Eastern Slavic naming customs
Eastern Slavic naming customs are the traditional ways of determining a person's name in countries influenced by East Slavic linguistic tradition, mainly Russia, Belarus, Ukraine, Macedonia, Bulgaria and Kazakhstan.
The standard structure of the full name is the following:
|Name||Example (Cyrillic)||Example (Romanized)|
|First name (given name)||Илья́||Ilyа́|
|Family name (surname)||Ежо́в||Yezhо́v|
This customary name structure is similar to Gujaratis and Marathis in India (see Gujarati and Marathi names), however in languages other than Russian, Belarusian, and Ukrainian, the ordering is not as strict.
- 1 Given first name
- 2 Patronymic
- 3 Family name (surname)
- 4 Cross-cultural communication
- 5 Forms of address
- 6 See also
- 7 References
- 8 Further reading (in Russian)
- 9 External links
Given first name
As with most cultures, a person has a given name chosen by the parents. First names in East Slavic languages mostly originate from two sources: Orthodox church tradition (which is itself of Greek origin) and native pre-Christian Slavic lexicons, although some also come from Turkic languages.
All the first names are single, non-doubled. Doubled first names (as in, e.g., French) are a very rare foreign-influenced instance. Most doubled first names are spelled with the dash (e.g., Mariya-Tereza).
Common male first names
|Russian variant||Ukrainian variant||Latin typing Russian / Ukrainian transliteration||Origin||Comments|
|Ива́н||Іва́н||Ivа́n||Hebrew||equivalent to John|
|Никола́й||Мико́ла||Nikolа́y / Mykо́la||Greek||equivalent to Nicholas, meaning "Victory Of The People"|
|Бори́с||Бори́с||Boris / Borys||Turkic (Bulgar)||meaning uncertain|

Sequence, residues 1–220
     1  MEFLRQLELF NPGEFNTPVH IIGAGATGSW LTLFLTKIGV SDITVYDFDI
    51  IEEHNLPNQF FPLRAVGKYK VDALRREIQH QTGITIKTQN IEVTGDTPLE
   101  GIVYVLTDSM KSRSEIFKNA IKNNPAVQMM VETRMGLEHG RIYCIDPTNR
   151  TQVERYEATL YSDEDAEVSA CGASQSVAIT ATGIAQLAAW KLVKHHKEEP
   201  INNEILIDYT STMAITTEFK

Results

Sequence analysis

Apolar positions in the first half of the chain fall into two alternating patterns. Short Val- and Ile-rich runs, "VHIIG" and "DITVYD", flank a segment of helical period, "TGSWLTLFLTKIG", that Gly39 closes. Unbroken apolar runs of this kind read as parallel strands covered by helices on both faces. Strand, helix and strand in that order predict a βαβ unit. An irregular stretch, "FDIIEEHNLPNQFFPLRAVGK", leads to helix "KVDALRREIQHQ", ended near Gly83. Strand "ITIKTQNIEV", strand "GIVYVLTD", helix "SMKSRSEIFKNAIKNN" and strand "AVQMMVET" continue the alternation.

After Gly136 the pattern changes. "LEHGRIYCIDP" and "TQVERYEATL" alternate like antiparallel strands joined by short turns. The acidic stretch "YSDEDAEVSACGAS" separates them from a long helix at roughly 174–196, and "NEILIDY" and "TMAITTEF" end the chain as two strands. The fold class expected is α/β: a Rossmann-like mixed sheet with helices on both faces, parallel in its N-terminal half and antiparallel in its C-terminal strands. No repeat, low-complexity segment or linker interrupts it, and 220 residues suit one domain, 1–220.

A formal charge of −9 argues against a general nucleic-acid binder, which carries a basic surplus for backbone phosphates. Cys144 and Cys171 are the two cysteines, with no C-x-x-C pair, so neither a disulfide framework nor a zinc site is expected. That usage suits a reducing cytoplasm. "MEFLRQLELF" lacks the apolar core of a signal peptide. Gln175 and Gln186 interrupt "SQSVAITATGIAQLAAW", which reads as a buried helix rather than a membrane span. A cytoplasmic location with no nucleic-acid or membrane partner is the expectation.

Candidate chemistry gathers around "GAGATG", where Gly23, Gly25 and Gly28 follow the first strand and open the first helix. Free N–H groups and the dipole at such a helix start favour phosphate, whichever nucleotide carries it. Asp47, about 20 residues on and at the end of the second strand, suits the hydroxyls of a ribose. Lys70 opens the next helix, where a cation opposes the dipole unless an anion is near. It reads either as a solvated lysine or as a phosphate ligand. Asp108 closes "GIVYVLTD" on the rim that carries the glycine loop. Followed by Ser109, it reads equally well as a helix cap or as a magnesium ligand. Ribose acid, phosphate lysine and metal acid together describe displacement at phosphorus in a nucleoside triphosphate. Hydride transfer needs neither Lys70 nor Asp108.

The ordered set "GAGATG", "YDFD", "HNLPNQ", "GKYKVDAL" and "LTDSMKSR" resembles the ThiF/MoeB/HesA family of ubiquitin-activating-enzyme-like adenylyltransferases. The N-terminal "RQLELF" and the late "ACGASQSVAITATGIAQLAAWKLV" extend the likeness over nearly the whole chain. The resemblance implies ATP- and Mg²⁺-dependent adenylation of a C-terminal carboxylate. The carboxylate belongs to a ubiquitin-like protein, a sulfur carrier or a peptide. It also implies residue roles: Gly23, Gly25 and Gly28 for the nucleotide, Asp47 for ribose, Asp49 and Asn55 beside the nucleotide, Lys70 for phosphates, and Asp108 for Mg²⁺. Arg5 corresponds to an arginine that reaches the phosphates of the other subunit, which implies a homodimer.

|Влади́мир||Володи́мир||Vladimir / Volodymyr||Slavonic||meaning "The Lord of the World / Peace"|
|Пётр||Петро́||Pyо́tr / Petrо́||Greek||equivalent to Peter|
|Андре́й||Андрій||Andrе́y / Andriy||Greek||equivalent to Andrew|
|Александр||Олександр / Олекса||Aleksandr / Oleksandr / Olexa||Greek||equivalent to Alexander|
|Дмитрий||Дмитро||Dmitry / Dmytro||Greek||meaning "Of Demetra"|
|Серге́й||Сергій||Sergе́y / Sergiy||Latin||-|
|Леони́д||Леонід||Leonid||Greek||from Greek "Leonidas"|
|Ви́ктор||Віктор||Viktor||Latin||- meaning "(He who) Conquers"|
|Гео́ргий||Гео́ргiй||Geо́rgy||Greek||the analogues are Егор (Yegor), Юрий (Yury)|
|Па́вел||Павло́||Pа́vel / Pavlо́||Latin||equivalent to Paul|
|Константи́н||Костянти́н||Konstantin / Kostyantyn||Latin||equivalent to Constantine|
|Кири́лл||Кири́ло||Kirill / Kyrylo||Greek||equivalent to Cyril|
|Васи́лий||Васи́ль||Vasily / Vasyl / Vassili||Greek||equivalent to Ваsіl|
|Владисла́в||Владисла́в||Vladislа́v / Vladyslav||Slavonic||meaning "The Lord Of The Fame"|
|Вячесла́в||В'ячесла́в||Vyacheslа́v||Slavonic||meaning "The Growing Fame"|
|Михаи́л||Миха́йло||Mihail / Myhа́ilo||Hebrew||equivalent to Michael|
|Олег||Олег||Olе́g / Olе́h||Old Norse||derivative from Scandinavian "Helgi"|
|Игорь||Ігор||Igor||Old Norse||derivative from Scandinavian "Ingwar"|
|Макси́м||Макси́м||Maxim / Maksym||Latin||meaning "The Greatest"|
|Тимyр||Тимyр||Timur / Tymur||Turkic (Tatar)||meaning "Iron". Non-Slavonic / Christian|
|Русла́н||Русла́н||Ruslа́n||Turkic (Tatar)||meaning "Lion". Non-Slavonic / Christian|
Common female first names